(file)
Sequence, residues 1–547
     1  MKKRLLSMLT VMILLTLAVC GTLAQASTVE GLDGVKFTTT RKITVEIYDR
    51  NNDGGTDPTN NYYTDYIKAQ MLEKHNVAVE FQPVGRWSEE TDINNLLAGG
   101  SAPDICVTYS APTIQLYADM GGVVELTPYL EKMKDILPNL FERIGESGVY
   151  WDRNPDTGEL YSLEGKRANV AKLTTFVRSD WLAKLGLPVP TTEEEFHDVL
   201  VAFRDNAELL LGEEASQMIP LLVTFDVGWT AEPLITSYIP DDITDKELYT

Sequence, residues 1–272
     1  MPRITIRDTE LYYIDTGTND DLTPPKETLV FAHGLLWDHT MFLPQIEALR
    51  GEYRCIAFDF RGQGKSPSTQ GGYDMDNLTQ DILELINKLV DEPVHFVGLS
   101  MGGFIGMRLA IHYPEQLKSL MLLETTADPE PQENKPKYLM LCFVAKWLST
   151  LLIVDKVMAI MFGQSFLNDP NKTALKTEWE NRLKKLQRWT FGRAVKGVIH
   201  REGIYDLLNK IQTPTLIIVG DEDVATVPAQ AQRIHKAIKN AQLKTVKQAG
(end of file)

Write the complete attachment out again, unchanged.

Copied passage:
Sequence, residues 1–547
     1  MKKRLLSMLT VMILLTLAVC GTLAQASTVE GLDGVKFTTT RKITVEIYDR
    51  NNDGGTDPTN NYYTDYIKAQ MLEKHNVAVE FQPVGRWSEE TDINNLLAGG
   101  SAPDICVTYS APTIQLYADM GGVVELTPYL EKMKDILPNL FERIGESGVY
   151  WDRNPDTGEL YSLEGKRANV AKLTTFVRSD WLAKLGLPVP TTEEEFHDVL
   201  VAFRDNAELL LGEEASQMIP LLVTFDVGWT AEPLITSYIP DDITDKELYT

Sequence, residues 1–272
     1  MPRITIRDTE LYYIDTGTND DLTPPKETLV FAHGLLWDHT MFLPQIEALR
    51  GEYRCIAFDF RGQGKSPSTQ GGYDMDNLTQ DILELINKLV DEPVHFVGLS
   101  MGGFIGMRLA IHYPEQLKSL MLLETTADPE PQENKPKYLM LCFVAKWLST
   151  LLIVDKVMAI MFGQSFLNDP NKTALKTEWE NRLKKLQRWT FGRAVKGVIH
   201  REGIYDLLNK IQTPTLIIVG DEDVATVPAQ AQRIHKAIKN AQLKTVKQAG